A User-Centric Evaluation of e-Government Services in the GCC Region: Case of State of Qatar

A User-Centric Evaluation of e-Government Services in the GCC Region: Case of State of Qatar

Karim Al-Yafi (College of Business and Economics, Qatar University, Doha, Qatar), Nitham Mohammed Hindi (Qatar University, Doha, Qatar) and Ibrahim Hassan Osman (Business Information and Decision Department, American University of Beirut, Beirut, Lebanon)
Copyright: © 2016 |Pages: 20
DOI: 10.4018/IJEGR.2016100102
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Evaluating users' satisfaction of e-Government services has been addressed by numerous studies. These mainly looked at e-Government users as citizens who are nationals and comply with the local culture of the governments providing these services. However, the GCC region has a particular culture stemming from the social structure and working environment. The expatriate population from different backgrounds form a significant portion of e-Government users. Therefore, the aim of this study is to explore users' satisfaction towards the electronic services provided by governments in the GCC region represented by the State of Qatar. In order to examine the suitability of the e-Government service portal, a cross-sectional survey targeting the users of three common e-Government services in Qatar evaluated users' satisfaction based on the four dimensions of the COBRA framework (Osman et al. 2014): Cost, opportunity, benefit and risk. SEM analysis demonstrated a good model fit and supported the hypotheses related to the effect of risk and benefit on users' satisfaction.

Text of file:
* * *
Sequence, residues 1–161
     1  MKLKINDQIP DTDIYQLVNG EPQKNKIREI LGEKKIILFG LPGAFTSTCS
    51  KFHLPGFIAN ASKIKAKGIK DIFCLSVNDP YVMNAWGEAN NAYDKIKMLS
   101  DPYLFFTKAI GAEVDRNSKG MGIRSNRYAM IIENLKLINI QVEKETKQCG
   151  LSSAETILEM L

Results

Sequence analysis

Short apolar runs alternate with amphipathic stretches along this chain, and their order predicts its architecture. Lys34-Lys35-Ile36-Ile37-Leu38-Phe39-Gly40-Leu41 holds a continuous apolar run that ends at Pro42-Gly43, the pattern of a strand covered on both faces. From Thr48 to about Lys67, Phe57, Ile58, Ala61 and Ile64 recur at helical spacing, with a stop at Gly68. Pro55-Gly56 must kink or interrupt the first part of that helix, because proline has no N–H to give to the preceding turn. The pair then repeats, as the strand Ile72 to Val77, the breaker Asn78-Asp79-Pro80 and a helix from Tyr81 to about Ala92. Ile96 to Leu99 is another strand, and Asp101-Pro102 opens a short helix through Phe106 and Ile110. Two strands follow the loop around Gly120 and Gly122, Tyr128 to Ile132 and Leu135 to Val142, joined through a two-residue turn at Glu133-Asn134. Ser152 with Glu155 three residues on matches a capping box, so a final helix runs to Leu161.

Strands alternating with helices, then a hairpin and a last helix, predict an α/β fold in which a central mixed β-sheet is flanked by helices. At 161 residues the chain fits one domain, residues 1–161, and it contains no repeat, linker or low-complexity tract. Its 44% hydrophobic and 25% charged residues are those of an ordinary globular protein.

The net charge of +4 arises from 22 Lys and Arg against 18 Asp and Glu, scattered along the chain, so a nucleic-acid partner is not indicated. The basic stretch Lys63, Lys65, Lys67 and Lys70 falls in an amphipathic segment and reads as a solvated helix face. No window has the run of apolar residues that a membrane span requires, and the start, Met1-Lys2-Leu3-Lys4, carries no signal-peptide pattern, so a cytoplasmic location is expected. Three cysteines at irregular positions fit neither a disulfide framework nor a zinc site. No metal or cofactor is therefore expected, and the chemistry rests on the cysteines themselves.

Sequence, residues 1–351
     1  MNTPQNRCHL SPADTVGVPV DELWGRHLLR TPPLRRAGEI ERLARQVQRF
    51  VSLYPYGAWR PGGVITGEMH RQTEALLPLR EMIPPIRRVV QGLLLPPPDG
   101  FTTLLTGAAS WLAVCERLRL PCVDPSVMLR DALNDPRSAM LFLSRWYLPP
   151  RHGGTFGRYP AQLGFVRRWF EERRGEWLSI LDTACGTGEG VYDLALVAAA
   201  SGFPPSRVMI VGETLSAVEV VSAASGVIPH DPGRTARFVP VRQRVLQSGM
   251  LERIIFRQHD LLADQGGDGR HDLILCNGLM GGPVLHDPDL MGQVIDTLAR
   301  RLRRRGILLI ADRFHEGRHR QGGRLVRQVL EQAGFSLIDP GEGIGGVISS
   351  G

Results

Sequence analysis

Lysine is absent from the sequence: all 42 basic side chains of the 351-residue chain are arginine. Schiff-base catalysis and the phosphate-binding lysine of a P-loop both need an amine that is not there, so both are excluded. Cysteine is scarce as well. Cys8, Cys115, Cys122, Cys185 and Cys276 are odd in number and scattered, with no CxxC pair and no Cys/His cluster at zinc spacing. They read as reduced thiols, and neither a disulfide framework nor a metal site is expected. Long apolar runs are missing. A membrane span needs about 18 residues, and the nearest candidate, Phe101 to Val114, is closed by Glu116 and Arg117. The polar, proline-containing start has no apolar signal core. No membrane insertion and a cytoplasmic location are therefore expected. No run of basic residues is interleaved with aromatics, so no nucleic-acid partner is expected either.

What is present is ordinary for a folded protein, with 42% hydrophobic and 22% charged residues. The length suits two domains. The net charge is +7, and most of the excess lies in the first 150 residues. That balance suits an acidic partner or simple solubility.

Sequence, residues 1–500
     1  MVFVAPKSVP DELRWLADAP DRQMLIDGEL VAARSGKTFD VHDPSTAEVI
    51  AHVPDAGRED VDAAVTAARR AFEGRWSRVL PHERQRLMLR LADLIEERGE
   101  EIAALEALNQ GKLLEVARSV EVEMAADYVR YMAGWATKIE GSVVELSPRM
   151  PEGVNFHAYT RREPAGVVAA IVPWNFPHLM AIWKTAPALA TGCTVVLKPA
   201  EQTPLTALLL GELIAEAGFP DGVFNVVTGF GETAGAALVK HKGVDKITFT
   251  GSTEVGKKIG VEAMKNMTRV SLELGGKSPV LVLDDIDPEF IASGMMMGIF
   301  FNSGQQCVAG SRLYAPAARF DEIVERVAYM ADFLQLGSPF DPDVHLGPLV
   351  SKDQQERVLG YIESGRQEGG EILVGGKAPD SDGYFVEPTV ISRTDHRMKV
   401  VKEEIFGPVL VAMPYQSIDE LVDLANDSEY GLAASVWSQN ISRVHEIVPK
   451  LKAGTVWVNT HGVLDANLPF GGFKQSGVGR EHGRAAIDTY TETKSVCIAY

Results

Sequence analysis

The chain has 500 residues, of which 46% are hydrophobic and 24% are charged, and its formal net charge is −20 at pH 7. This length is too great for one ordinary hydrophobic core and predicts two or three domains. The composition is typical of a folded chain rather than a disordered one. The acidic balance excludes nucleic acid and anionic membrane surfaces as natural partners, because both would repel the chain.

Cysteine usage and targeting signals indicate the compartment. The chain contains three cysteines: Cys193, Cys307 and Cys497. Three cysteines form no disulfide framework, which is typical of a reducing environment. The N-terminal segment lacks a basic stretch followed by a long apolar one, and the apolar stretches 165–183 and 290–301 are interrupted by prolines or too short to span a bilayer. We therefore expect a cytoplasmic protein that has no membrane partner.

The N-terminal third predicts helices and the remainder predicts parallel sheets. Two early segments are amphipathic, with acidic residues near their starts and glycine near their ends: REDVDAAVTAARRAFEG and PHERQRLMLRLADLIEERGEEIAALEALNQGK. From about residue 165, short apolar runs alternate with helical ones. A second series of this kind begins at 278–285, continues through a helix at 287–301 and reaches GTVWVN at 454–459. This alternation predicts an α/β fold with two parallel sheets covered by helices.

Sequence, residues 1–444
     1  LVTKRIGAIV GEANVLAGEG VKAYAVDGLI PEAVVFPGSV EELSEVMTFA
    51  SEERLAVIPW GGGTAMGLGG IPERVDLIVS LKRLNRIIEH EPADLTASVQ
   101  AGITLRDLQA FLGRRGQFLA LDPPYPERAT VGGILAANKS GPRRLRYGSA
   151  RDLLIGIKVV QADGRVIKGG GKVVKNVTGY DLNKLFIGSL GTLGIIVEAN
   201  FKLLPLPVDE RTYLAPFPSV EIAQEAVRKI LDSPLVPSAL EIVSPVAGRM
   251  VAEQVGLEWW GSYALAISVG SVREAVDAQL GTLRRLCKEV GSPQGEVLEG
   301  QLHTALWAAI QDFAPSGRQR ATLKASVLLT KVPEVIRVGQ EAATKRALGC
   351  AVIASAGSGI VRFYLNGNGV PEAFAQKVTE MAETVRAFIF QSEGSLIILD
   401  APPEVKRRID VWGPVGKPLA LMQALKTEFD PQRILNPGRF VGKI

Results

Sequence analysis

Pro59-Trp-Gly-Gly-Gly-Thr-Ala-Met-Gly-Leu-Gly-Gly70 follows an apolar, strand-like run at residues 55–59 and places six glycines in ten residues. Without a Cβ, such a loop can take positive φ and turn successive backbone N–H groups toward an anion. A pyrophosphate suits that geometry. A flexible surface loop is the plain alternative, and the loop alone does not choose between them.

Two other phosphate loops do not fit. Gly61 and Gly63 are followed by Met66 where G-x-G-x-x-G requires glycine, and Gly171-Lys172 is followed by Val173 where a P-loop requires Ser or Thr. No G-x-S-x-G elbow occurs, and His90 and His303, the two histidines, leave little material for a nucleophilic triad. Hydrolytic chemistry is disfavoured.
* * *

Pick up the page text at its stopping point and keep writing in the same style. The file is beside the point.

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Technology In Qatar’S Public Sector

The State of Qatar is geographically located in the Arab peninsula and is a member of the Gulf Cooperation Council (GCC). Its oil and natural gas resources allowed the country to witness high-pace development in various aspects. Qatari e-Government initiatives started in the early years of the previous decade as part of a larger effort to modernize other sectors such as health and education (Al-Shafi and Weerakkody, 2007). Despite the fact that Qatar is categorized as a developing country, like all GCC countries, huge efforts were, and still are, undertaken to advance the nation forward and to position itself among the greatest nations. As opposed to many developing countries where technology proliferation is lagging, Qatar pioneered a number of initiatives to exploit the latest technological developments (Faisal and Talib, 2015). Financial investments and administrative reforms were done to secure a sustainable base for implementing public e-Services such as e-Government, e-Health and e-Learning. Nevertheless, it has been estimated that these e-Services are yet under-utilized and the adoption rate can be boosted (Al-Shafi and Weerakkody, 2008).

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